Transition Cambridge and Cambridge Carbon Footprint invite you to a showing of "The Economics of Happiness" at the Arts Picturehouse. The film will be followed by a talk and Q&A session with renowned economist Professor Sir Partha Dasgupta. “The Economics of Happiness” questions whether our current economic model is damaging our well-being. It explores the many negative consequences of economic globalisation – climate change, fundamentalism, economic insecurity and species extinction as well as the personal costs such as stress and depression. It then suggests a solution to these problems – economic localisation. Rob Hopkins (co-founder of the Transition Network) writes: "This passionate film presents a clear and articulate vision of what a shift in the scale at which we do things would look like... Very timely and powerful." The film will be followed by a question and answer session with Professor Sir Partha Dasgupta, who is the Frank Ramsey Professor Emeritus of Economics and has written several books including "Human Well-being and the Natural Environment". Tickets will be available through the Arts Picturehouse box office. You can view the film trailer and learn more about the movie here.

Towards an EDAP for Transition Cambridge

Transition Cambridge is nearly 4 years old and has accomplished so much already. To keep us moving forward and working effectively, it would be beneficial to develop a long-term vision and strategy for our role in building local resiliency and sustainability in Cambridge. I am therefore looking for other members of Transition Cambridge who would be interested in leading this initative. Generally it would involve organising backcasting sessions, gathering visions and ideas for a future Cambridge into a document, and working with TC groups and projects to develop their strategies for contributing to and achieving this vision. What would eventually result would be an Energy Descent Action Plan for Transition Cambridge, hopefully to be approved by the next AGM this September. If this sounds like something you would passionate about and able to commit to for the next 8 months or so, please get in touch with me so we can get started.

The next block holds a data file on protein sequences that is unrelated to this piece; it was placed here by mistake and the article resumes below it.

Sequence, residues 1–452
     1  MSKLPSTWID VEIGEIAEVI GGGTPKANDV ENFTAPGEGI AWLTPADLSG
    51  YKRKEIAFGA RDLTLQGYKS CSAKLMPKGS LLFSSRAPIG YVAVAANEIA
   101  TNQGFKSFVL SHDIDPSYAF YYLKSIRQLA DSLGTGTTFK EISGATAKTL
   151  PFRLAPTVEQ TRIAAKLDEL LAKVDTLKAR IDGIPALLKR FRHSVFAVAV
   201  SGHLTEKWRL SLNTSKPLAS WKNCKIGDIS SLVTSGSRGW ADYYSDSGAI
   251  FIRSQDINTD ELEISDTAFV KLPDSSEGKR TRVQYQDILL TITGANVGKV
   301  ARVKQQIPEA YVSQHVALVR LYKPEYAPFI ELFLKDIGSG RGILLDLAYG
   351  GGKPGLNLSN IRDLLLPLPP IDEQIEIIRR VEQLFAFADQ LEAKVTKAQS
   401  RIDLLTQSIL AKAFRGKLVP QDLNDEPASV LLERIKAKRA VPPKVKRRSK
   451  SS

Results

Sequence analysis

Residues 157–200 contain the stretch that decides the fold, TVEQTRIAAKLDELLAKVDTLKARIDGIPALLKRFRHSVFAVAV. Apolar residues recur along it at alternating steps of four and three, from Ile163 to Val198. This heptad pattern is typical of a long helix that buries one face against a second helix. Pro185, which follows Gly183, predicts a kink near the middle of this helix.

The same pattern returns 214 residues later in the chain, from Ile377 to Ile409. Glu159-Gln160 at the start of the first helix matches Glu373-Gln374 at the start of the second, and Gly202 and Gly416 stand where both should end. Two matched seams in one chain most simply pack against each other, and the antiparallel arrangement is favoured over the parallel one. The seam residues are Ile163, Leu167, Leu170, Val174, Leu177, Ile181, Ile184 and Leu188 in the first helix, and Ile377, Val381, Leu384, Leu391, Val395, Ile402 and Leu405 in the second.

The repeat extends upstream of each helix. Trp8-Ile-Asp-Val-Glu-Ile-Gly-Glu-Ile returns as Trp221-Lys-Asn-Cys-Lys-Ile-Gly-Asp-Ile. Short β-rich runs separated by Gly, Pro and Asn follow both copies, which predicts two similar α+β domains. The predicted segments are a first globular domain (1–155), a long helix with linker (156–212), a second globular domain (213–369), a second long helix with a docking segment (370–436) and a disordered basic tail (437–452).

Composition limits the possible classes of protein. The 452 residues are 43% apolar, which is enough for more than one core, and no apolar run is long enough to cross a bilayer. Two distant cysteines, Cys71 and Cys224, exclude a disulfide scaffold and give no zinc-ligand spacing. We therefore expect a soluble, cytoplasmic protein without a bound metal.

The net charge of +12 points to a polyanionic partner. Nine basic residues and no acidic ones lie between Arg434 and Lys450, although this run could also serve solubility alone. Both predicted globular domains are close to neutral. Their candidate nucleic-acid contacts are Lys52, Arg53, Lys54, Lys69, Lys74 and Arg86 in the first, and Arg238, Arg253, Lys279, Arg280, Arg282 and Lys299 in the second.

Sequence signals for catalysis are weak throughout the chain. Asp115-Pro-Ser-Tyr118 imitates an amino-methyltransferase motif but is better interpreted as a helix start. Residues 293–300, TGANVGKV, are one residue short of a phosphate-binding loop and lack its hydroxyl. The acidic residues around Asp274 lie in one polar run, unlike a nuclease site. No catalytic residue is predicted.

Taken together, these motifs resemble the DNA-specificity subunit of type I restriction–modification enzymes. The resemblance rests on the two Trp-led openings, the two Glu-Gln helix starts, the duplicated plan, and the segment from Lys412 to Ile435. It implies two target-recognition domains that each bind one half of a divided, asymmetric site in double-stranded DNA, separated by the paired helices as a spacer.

Calendar of events

Wednesday 15 February: Advice on Wood Stoves

Related News and Events

Thursday 19 January: Generation from wind and waves: power for the future or misguided fad?

18.30, Lecture Room 0, University Engineering Department, Trumpington Street

The presentation will look broadly at the generation of power from wind and waves, drawing on the presenter’s own experiences. The talk will cover the strengths and weaknesses of these technologies, and offer a view of their prospects. Richard is an electrical engineer with an interest in renewable energy generation and energy efficiency of electrical appliances. Current research focuses on low maintenance generators for wind turbines; linear generators for wave power and energy efficient power conversion for power supplies and electric appliances such as compact fluorescent light. This talk is part of the IET Cambridge Network Lectures series.

Friday 20 January: Mad Hatter's Tree Party

19:00, The Missing Sock

Benefit gig for trees for a forest garden at The Missing Sock. Featuring the ones ...and onlies; Jonny Marvel, Shaky Naval Bones, Spaghetti Faction, Tiger Blue, Carol Wood, Andy Bucklaw + more acts to be confirmed. As well as; Toby Isley + other's paintings. We will be watching forest garden films, discussing garden plans and distributing literature on forest garden plants in the Wisdom room. Wholesome food will be cooking on the fire and teas and coffees will also be on sale. The Missing Sock bar will also be open. There will be a suggested donation of £3, all of which will be put towards the cost of the trees for the forest garden at the Missing Sock. A minibus will be available to bring people from Cambridge town. Please call Rosie on 07979757843 to book a place. More details here.

Monday 23 January: Pilgrim Beart: Founder of AlertMe

19:30-21:30, Friends Meeting House, Jesus Lane